Simon Phillips ‘jumped at the chance’ to wear the costume for the 26.2 mile run (Simon Phillips/PA)
Big Ben will strike again at the London Marathon on Sunday after a GP from Dorset “jumped at the chance” to run in the famous costume.
Simon Phillips, 44, is taking the reins from Lukas Bates, whose struggle to get through the finish line due to the height of the ensemble in 2019 garnered widespread reaction on social media.
The outfit was saved by Alzheimer’s Research UK as Mr Phillips now dons the tower for the 26.2-mile run in aid of the charity in memory of his father, Robert, who died with Alzheimer’s disease in 2016.
“I ran the London Marathon in 2016 and loved it, I decided if I ever ran it again I would do it in a costume,” the father-of-three said.
Simon Phillips, a GP from Dorset, will run dressed as Big Ben for Alzheimer’s Research UK (Simon Phillips/PA)
“I asked the team at Alzheimer’s Research UK for costume ideas and when they said they had the famous Big Ben costume I jumped at the chance to run in it.
“I’ve made a few adjustments mainly to make it more comfortable to wear and more stable, but I’ve also made it even bigger, adding a flagpole at the top.”
The costume has been on a tumultuous journey since the original Big Ben runner, Mr Bates, ran in the costume in support of the Dementia Revolution campaign.
He left it outside a pub having decided not to take the costume home and agreeing that the pub landlord could have it.
But the costume was swiftly stolen and dumped in a bin, where it was then found by a student who claimed the reward of a £1,000 donation to Mr Bates’ fundraiser from presenter Piers Morgan.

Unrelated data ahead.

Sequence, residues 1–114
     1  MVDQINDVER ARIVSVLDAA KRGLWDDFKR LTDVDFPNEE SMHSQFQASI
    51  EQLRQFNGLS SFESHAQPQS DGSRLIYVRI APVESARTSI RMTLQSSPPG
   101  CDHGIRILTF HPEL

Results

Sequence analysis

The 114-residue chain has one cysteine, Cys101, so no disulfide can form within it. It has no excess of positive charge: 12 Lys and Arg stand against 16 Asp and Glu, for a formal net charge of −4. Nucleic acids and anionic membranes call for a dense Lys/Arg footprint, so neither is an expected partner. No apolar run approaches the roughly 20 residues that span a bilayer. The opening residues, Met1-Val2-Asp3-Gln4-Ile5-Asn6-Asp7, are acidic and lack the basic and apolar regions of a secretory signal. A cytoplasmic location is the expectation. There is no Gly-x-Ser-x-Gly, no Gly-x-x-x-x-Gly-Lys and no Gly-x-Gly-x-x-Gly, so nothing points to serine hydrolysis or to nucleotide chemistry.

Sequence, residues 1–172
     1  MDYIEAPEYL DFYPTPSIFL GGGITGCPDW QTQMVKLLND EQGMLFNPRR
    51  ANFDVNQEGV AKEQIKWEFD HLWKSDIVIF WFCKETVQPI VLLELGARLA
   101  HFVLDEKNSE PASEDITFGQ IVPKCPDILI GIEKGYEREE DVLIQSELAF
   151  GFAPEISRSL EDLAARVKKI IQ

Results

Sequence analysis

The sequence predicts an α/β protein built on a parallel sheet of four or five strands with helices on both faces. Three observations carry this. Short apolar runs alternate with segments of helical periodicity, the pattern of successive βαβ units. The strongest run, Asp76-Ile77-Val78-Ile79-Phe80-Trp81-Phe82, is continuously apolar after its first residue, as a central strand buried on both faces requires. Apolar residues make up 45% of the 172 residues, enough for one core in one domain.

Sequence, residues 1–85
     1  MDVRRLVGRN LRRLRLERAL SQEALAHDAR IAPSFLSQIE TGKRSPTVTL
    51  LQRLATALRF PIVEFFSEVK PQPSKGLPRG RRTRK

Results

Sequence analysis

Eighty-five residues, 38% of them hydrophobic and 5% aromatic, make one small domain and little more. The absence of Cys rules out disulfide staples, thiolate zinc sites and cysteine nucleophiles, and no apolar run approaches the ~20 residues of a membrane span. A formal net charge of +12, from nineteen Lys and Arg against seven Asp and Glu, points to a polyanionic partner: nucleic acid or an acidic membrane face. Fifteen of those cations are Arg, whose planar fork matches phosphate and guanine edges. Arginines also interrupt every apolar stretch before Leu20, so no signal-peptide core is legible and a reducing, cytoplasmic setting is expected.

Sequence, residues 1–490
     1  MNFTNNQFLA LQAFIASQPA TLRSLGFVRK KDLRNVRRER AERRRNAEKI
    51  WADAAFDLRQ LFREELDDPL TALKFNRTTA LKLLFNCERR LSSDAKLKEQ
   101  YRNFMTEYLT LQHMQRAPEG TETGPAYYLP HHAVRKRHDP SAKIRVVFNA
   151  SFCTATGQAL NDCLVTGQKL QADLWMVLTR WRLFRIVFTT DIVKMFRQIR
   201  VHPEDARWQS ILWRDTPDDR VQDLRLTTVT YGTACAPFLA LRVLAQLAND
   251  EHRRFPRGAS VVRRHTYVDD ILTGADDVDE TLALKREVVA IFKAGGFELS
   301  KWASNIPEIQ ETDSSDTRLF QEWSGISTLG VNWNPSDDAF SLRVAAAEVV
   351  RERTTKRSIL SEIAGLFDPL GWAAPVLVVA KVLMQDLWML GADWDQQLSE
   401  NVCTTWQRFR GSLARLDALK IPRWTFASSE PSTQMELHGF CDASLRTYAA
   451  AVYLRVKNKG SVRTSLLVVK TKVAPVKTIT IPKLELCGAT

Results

The costume was previously worn by Lukas Bates (Lukas Bates/PA)
It was then passed on to Alzheimer’s Research UK and displayed in the charity’s office in Cambridgeshire ever since.
“It is amazing that the costume has survived,” Mr Bates said.
“I’m delighted it is going to be used again, especially as it is again for such a worthy cause.
“I want to wish Simon the best of luck, I know how hard it is to run a marathon in it and also how difficult it is to get through the finish line.”
Mr Phillips added he has worn the landmark while training in order to prepare for the momentous task ahead of him.
Mr Phillips said he has adjusted the costume to be ‘more comfortable and stable’ (Simon Phillips/PA)
“I’ve done some training runs in the costume, including wearing it at my local parkrun … I’ve also been practising bending in it to help me get across the finish line!” he said.
“I’m really looking forward to the day and I’m sure the crowd will love seeing the costume again. I’m also proud to be supporting Alzheimer’s Research UK again.
“It was so sad to see the effect Alzheimer’s disease had on my father as he gradually deteriorated, losing his memory and mobility.
“As a GP, I’m also constantly reminded of it, as I see a lot of patients at the same age he was who have similar problems … Research is the only way we are going to beat dementia. We desperately need new medications.”